The statute of limitations has expired in 10 of the cases at JFK. Garabedian said it has not yet been determined if the six other cases fell within the statute of limitation range.
But Pennsylvania law would allow for criminal prosecution if authorities decide to investigate. Pennsylvania law sets the statute of limitations at 32 years after the alleged victim turns 18 years old, essentially giving the victim until they are 50 years old to pursue prosecution.
The five alleged victims have contacted attorney Michael Parrish in the Johnstown area, according to Fox affiliate WJAC-TV in Johnstown. Some also said they would consider assisting a criminal investigation while others worried they would be publicly identified in the process.
All five, independently interviewed, gave similar accounts. Baker would summon them to his trainer’s room, sometimes during the school day, issuing a pass to a classroom for the student. He would have them strip naked and massage their bodies, including genitals.
“It was like sodomy,” Victim No. 2 said. “He had some type of lotion he would use to make his hands move in areas they shouldn’t have been.”
They also said they would have them strip naked before getting into a whirlpool for treatment. The former students also said he would sometimes stop and watch as many as 20 football players showering later practices or games.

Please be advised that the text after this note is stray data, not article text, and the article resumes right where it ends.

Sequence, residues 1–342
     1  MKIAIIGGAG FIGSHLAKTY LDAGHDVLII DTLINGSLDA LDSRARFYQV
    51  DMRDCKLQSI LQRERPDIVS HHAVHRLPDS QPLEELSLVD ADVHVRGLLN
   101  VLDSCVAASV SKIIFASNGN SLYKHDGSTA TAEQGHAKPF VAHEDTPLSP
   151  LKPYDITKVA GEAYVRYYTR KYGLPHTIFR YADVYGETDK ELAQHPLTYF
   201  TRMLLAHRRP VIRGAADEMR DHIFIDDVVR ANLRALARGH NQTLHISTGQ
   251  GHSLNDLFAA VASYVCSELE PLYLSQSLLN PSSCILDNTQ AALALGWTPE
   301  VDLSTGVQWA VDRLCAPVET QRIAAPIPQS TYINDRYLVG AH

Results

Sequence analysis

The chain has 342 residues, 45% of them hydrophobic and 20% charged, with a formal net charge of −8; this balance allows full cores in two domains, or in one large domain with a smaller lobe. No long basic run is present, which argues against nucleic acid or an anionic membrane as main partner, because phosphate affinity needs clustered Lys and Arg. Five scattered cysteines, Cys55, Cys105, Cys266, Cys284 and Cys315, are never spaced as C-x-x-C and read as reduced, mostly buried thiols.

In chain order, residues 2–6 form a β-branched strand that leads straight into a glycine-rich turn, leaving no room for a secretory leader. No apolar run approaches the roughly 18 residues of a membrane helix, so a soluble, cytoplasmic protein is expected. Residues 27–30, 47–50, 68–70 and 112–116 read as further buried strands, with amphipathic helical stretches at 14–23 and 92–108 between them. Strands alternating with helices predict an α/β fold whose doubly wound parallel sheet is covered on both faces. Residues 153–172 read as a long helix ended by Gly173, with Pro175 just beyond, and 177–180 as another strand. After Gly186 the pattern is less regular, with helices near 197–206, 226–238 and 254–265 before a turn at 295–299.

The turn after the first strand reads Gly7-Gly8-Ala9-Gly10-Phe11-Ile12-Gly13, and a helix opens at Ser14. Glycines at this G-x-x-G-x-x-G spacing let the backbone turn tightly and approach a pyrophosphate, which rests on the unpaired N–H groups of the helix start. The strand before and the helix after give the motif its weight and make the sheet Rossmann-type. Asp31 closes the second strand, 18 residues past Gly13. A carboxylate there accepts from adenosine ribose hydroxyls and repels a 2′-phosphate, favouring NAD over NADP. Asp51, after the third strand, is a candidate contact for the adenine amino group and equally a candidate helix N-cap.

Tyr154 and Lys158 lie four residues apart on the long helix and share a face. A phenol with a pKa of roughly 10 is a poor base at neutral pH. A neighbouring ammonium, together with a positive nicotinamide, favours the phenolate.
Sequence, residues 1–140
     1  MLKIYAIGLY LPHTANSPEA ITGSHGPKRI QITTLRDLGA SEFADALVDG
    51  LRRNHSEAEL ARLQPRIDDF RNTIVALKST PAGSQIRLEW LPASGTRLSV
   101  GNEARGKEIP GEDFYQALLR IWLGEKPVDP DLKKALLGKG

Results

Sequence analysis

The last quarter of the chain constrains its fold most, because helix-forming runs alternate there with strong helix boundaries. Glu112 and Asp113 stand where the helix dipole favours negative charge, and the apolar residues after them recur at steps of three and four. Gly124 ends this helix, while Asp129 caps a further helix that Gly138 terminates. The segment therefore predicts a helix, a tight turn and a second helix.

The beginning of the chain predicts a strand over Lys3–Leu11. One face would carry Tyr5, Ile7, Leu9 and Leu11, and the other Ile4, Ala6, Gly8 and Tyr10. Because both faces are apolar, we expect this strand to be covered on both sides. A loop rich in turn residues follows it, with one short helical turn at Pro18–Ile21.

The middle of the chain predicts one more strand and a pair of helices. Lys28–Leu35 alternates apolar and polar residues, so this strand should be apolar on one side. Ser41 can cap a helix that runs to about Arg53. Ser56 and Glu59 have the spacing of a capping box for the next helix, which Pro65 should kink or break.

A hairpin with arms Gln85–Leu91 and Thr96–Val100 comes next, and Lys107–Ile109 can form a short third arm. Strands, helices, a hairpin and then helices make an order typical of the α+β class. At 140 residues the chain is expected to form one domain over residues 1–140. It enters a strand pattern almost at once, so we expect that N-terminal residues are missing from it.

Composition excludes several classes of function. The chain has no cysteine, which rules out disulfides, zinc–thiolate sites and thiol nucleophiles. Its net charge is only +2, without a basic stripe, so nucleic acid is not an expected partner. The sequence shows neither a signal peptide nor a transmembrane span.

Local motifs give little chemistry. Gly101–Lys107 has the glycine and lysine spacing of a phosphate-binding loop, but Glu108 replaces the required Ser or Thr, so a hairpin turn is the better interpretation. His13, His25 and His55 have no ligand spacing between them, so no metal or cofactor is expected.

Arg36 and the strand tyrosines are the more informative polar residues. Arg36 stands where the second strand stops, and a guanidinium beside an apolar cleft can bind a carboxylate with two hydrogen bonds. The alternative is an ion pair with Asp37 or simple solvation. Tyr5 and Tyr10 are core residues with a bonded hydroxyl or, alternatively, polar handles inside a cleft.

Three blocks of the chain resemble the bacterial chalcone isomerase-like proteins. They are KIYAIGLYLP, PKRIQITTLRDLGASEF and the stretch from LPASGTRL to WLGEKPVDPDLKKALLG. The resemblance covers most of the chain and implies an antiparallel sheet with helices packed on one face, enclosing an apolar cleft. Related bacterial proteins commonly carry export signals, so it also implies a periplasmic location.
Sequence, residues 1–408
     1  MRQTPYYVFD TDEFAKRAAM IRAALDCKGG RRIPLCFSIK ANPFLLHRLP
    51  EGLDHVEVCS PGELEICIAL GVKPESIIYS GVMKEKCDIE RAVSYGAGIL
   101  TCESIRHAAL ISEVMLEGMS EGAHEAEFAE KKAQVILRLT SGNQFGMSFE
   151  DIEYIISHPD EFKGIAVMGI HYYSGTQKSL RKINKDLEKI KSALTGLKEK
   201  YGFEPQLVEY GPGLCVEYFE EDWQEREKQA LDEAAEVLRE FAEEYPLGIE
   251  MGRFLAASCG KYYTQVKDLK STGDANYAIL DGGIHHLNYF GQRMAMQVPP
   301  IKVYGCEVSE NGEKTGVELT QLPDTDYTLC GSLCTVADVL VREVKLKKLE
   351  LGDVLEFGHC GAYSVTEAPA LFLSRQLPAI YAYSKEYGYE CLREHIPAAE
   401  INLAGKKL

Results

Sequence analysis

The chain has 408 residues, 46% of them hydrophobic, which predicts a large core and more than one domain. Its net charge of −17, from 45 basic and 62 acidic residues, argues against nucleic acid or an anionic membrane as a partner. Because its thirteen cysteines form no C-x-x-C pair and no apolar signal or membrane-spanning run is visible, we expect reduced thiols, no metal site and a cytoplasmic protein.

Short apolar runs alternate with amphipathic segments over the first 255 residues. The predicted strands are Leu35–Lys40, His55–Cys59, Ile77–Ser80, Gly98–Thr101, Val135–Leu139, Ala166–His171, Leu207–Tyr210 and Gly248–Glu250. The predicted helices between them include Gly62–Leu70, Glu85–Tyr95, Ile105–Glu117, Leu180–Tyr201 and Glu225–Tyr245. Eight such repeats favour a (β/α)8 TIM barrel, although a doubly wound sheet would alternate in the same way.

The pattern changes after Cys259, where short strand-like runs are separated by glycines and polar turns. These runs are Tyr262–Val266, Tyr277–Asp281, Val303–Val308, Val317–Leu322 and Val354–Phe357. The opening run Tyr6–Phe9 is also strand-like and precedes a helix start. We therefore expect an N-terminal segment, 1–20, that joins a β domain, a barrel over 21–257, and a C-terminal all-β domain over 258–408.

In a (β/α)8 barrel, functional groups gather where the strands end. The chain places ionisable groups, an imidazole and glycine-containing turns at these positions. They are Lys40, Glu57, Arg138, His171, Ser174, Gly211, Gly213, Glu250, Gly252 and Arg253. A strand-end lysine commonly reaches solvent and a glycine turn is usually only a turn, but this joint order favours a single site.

All five said they never told parents or school officials because it was so ingrained in the life of an athlete at the time. No one questioned his methods, some because they never had an athletic trainer before.
“It was what we expected,” Victim No. 3 said. “He was put in this position as trainer and you did what you were told.”
The alleged victims all became successful in their fields, and said they had families of their own. One became a sports coach that works with kids.
Some alleged victims said Baker groped them during his religion class. One victim recalled walking up to his desk during a test to ask a question. He said Baker reached around him, messaged his buttocks, then slapped it after answering the question.
Some students interviewed recalled dinners, a trip to the Pro Football Hall of Fame and other extra-curricular activities Baker organized. During the trip to the Hall of Fame, he asked one alleged victim to give him a neck massage during the drive.
“We always thought it was odd,” Victim No. 2 said. “Reflecting back, it felt like we were very violated and a cheap use for his satisfaction.”
Most of those interviewed said they never realized his requests to strip naked for stretching exercises and dips in the whirlpool were odd until later in life when athletes from other schools would be shocked at their accounts.
One victim said he was sent to an outside rehabilitation facility for an injury. When he told doctors there he thought he didn’t need swimming trunks to go in the whirlpool, they were struck by such an odd statement.
“He was trusted,” Victim No. 4 said. “He was subtle.”
The men interviewed also said it was much easier to deal with at the time because they had a strong group of friends. They said it helped they all went through similar circumstances and were able to joke about going into Baker’s training room.
“Back then were had strong core of friends,” Victim No. 5 said. “It didn’t matter what sport you played. We all ran in the same group and experienced the same thing. I think having a stronger core, it’s tough to laugh something like that off, but we stuck together through it.”